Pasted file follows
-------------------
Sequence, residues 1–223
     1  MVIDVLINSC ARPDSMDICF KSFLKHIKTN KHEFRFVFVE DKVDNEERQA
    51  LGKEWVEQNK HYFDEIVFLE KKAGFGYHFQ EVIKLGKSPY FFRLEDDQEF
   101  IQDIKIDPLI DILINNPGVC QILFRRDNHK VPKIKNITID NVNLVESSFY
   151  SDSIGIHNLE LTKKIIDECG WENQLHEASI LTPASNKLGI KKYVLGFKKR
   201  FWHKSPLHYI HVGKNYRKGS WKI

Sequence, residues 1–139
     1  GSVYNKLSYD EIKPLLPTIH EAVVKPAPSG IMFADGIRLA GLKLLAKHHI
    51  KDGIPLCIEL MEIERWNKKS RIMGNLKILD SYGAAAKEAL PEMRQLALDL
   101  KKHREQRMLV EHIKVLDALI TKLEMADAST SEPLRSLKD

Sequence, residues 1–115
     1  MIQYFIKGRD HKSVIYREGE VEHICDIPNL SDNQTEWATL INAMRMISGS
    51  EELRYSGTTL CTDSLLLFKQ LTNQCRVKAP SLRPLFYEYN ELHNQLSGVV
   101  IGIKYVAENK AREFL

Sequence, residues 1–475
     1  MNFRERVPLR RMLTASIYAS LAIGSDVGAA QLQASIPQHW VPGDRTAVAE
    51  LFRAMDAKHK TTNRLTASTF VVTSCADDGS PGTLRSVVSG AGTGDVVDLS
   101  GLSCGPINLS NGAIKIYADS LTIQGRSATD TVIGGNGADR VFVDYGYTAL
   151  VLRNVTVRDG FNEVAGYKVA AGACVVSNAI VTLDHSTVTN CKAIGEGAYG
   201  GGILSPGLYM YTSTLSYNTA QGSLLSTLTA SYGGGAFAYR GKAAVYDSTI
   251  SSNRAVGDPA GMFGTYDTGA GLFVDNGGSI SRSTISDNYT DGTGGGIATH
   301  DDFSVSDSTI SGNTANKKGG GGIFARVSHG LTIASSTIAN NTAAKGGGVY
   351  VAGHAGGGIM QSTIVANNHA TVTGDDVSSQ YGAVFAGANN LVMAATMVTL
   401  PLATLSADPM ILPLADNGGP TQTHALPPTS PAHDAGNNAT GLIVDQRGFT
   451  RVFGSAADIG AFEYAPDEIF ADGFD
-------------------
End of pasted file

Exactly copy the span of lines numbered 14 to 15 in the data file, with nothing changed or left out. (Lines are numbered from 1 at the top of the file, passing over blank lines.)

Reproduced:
   101  IGIKYVAENK AREFL

Sequence, residues 1–475